You already know a whole lot… far more than I am even dimly aware of…gemstones and other valuable trade goods made their way far and wide. The middle east is a cross roads between Asia, Africa, and Europe…The Americas were not as isolated as once thought… Polynesians left genetic markers in a small population that inhabits the Panama/Columbia border area… far from Chile…Parrot feathers and sea shell jewelry were found at Chaco Canyon in New Mexico…a trade route linking the Anasazi culture with southern Mexico…Native American miners dug turquoise at Los Cerillos NM, 4 centuries before the Spanish arrived in the New World, extensive underground tunnels following veins have been excavated…the turquoise was disseminated throughout the Southwest into Mexico. The only missing piece was Mayan jade…the source was closely guarded and lost after the Spanish invasion… It wan’t rediscovered until a couple of decades ago when a US company used aerial geophysical survey methods to map out the low temperature, high pressure metamorphic belt in Guatemala… a foot search found the mother lode…I wanted to buy some that was offered by the company but I thought that the price was too high… the “vein” was exhausted and the price of Mayan jade jumped… since then, it’s stabilized since artisan miners started searching river beds and canyon streams for jade boulders… similar to what happened in Myamar before the hard rock source was found and later nationalized by the military dictatorship…I hope to travel there next year to buy some at the source. I really do hope that you will put your findings together and publish. getting all of the specialists to collaborate even within a university setting is a difficult project… people have to get interested and on board… getting diverse interests together is like herding cats… everyone is working on their pet research and projects… a lot is already known about the geology and occurrance of precious stone and metal deposits across Europe, Asia and the Middle East and what their geological setting is and how these deposits formed… to get geochemists interested enough to colloborate you would have to pique their interest. Most of them are into petrology, but without their analytic tools it would be difficult to prove provenance… In non organic materials, there are some methods of dating more recent events, although difficult…measurement of cosmogenic beryllium, which is a short lived isotope is one way, another way is optically stimulate quartz grain fluorescence which measures how long an object has been buried away from sunlight…as long as there are quartz grains unexposed to sunlight that can be tested. Mass spect will eventually become necessary to separate out metal and other element isotopic ratios that are unique and or limited to provenance…the measurement of associated elements and their isotopic ratios also can cinch it down to a single mine. This technique cannot measure age, except for geologic time…half lives of elements measured are far too long, but I could be wrong on that also…it’s worth a try approaching your nearest university and talking to people from multiple disciplines in order to see if you can interest anyone within a single department.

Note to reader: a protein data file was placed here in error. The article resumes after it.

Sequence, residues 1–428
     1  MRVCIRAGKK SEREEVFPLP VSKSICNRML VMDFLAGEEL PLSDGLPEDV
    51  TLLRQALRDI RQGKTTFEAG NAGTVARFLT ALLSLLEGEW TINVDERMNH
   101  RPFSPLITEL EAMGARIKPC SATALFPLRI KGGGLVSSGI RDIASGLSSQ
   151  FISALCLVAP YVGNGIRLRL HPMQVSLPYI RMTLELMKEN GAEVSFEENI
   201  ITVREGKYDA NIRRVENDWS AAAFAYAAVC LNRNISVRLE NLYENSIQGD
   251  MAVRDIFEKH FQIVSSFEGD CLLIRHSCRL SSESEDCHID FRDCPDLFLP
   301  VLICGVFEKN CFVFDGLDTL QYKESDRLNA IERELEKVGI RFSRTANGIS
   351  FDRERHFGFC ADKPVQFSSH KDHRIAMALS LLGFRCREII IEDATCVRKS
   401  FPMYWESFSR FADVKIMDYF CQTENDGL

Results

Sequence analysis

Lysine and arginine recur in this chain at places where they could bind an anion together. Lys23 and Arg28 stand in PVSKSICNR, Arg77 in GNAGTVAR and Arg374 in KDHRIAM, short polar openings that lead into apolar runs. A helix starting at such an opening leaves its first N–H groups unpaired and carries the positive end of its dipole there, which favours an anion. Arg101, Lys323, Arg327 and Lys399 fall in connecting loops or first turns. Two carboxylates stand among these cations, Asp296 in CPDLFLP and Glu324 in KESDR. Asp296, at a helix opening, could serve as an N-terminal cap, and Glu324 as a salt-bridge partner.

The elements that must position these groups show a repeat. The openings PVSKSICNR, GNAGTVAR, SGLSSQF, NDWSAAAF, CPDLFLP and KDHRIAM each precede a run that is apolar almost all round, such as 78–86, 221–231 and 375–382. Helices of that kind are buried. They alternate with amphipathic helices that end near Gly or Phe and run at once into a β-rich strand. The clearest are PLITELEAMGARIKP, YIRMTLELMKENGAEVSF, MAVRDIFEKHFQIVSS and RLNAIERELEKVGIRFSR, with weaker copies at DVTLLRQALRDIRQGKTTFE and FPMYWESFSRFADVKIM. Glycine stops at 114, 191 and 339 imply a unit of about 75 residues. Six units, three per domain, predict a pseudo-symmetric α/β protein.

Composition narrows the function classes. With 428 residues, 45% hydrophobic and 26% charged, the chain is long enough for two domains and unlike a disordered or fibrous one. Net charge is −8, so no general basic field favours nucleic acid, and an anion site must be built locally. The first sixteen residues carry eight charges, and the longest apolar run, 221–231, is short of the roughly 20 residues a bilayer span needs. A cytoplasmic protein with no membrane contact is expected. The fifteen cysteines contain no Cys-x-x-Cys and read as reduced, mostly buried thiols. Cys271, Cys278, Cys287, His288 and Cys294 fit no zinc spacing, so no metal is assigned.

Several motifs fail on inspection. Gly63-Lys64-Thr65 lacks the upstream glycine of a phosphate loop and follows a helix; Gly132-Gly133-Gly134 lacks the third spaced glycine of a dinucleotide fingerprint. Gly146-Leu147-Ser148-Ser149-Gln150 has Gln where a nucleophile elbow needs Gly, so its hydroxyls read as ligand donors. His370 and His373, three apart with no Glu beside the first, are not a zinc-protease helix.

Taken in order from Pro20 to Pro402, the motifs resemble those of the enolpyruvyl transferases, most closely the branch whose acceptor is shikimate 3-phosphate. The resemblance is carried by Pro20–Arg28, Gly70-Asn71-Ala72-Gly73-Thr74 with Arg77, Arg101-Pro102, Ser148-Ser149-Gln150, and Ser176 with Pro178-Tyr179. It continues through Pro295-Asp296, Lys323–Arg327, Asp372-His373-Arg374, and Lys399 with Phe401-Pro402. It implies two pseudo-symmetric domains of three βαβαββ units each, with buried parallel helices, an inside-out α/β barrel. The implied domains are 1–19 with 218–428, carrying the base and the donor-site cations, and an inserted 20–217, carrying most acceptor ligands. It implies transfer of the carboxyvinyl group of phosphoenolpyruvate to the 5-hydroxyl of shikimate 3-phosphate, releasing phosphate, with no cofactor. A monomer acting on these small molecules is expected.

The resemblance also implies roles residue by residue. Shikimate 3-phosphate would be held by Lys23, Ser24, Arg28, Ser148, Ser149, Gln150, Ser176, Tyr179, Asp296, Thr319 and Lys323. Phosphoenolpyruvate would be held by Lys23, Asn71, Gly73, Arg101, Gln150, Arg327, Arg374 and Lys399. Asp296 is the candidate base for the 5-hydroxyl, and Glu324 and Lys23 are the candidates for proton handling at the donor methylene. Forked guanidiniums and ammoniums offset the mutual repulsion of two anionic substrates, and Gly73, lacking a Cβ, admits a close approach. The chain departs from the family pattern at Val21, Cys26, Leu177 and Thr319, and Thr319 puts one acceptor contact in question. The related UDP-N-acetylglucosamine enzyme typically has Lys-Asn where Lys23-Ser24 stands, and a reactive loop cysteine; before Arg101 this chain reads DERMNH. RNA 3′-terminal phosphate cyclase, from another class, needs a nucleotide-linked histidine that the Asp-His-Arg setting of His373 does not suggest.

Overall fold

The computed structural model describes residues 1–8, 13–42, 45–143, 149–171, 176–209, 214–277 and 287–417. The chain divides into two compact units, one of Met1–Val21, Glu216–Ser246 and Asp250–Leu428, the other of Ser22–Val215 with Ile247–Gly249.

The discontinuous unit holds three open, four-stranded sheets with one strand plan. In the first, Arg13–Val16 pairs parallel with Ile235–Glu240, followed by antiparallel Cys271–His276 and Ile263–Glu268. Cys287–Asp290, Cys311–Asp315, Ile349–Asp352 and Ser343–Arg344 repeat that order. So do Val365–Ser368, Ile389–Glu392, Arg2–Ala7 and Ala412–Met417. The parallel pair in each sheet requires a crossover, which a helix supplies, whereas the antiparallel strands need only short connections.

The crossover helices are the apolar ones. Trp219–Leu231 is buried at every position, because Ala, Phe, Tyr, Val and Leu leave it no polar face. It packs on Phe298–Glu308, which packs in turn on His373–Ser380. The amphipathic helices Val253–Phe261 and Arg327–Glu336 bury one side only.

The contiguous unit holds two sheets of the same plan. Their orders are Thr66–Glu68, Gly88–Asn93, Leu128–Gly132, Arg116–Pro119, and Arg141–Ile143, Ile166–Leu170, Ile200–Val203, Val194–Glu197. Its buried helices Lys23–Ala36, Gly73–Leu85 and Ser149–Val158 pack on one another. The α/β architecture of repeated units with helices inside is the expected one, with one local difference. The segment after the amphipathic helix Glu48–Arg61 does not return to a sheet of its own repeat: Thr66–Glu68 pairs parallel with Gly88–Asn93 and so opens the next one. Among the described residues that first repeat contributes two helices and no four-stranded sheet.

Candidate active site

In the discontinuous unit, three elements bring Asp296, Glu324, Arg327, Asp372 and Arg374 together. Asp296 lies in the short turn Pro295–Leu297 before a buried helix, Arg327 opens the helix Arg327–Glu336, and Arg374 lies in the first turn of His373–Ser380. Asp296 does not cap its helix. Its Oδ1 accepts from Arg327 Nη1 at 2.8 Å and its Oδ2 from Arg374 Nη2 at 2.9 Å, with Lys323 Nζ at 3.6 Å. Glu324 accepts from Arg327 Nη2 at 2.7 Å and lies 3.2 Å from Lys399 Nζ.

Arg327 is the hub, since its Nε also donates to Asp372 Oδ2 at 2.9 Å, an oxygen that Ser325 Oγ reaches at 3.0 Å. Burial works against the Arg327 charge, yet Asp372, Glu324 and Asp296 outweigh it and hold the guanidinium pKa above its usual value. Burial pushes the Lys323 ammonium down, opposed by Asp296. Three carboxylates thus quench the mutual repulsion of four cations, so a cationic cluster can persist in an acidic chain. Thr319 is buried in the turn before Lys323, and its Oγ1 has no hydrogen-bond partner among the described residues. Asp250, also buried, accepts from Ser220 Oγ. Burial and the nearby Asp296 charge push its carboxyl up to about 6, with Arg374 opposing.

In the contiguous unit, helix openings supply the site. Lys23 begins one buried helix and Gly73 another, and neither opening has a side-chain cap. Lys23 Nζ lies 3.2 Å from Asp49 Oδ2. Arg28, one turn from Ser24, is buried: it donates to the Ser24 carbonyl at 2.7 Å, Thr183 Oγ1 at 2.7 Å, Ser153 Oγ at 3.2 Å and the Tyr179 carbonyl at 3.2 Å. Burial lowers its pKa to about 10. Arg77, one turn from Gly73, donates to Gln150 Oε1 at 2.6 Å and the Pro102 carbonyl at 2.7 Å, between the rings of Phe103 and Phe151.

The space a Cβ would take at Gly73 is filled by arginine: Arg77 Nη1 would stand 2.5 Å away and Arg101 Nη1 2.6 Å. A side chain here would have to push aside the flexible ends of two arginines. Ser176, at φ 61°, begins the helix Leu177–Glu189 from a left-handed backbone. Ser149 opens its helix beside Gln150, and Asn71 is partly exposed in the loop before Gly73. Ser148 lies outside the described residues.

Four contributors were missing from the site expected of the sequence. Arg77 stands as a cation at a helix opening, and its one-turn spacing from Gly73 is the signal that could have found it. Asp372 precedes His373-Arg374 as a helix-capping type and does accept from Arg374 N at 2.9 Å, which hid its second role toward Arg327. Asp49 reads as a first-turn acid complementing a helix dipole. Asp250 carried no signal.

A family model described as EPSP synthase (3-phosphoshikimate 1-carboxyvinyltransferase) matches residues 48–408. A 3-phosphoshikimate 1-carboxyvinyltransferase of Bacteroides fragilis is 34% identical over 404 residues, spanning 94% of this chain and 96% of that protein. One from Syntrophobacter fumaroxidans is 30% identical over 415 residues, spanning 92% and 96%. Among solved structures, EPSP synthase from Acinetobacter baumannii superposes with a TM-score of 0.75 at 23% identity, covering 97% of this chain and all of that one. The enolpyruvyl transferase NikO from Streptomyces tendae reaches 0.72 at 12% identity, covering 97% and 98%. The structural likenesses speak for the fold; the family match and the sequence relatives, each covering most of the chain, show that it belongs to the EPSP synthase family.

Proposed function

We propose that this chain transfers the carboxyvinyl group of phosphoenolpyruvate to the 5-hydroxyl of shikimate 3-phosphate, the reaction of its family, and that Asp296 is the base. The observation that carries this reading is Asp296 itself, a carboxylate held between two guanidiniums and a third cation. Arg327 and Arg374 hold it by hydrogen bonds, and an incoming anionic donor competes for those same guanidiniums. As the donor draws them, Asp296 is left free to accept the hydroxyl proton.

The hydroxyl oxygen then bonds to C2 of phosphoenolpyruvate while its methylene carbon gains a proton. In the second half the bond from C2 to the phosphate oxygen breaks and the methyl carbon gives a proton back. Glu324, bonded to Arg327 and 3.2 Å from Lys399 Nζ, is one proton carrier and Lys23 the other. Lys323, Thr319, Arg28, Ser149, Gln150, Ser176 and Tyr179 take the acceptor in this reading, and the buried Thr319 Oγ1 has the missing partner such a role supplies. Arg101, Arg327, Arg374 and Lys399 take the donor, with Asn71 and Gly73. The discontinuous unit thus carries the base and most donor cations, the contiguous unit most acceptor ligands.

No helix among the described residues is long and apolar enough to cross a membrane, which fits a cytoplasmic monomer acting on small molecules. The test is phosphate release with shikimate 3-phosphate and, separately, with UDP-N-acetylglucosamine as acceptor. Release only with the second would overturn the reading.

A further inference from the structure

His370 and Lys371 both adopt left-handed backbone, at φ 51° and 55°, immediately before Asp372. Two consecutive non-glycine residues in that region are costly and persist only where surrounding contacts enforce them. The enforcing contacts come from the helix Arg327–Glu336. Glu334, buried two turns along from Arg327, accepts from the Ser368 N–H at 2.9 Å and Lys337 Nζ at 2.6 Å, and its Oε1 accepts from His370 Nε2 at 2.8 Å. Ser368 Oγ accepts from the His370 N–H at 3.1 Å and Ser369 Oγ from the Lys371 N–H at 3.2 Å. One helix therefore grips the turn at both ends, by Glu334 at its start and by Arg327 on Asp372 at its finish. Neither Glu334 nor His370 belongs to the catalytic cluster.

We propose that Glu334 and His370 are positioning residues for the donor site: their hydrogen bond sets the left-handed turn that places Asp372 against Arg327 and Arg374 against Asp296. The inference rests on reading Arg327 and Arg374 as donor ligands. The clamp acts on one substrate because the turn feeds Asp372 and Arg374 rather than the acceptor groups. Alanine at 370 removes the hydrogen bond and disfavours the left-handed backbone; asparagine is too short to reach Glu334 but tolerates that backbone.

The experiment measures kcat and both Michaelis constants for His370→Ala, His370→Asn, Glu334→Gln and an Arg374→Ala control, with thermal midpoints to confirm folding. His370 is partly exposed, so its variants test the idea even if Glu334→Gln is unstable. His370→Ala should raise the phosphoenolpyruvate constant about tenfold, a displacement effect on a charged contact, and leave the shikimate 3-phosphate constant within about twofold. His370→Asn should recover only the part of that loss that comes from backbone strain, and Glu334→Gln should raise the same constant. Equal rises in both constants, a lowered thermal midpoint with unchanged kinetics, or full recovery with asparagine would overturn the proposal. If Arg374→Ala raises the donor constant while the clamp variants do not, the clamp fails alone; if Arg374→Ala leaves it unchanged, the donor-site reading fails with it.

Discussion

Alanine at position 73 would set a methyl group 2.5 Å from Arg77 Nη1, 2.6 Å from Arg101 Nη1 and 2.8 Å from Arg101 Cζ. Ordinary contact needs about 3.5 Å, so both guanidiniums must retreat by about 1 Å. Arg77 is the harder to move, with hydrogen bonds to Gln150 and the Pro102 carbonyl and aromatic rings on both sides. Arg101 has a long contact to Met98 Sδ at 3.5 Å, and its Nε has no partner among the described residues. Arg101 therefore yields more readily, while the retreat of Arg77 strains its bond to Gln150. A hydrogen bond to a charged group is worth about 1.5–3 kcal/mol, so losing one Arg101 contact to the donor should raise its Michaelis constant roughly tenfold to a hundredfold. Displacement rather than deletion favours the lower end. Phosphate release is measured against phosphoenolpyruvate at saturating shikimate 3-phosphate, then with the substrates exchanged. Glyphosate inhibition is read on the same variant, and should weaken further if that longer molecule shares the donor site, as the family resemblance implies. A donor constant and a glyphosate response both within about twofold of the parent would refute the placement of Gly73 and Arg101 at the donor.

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I hope that you got my messages… if you think they should be shared then feel free to post them publicly. What you are talking about goes way beyond the scope of this present discusssion, which is why I messaged and not posted… as I have said, I won’t be in town soon… but just let me know if you did recieve my messages, thanks, steven H.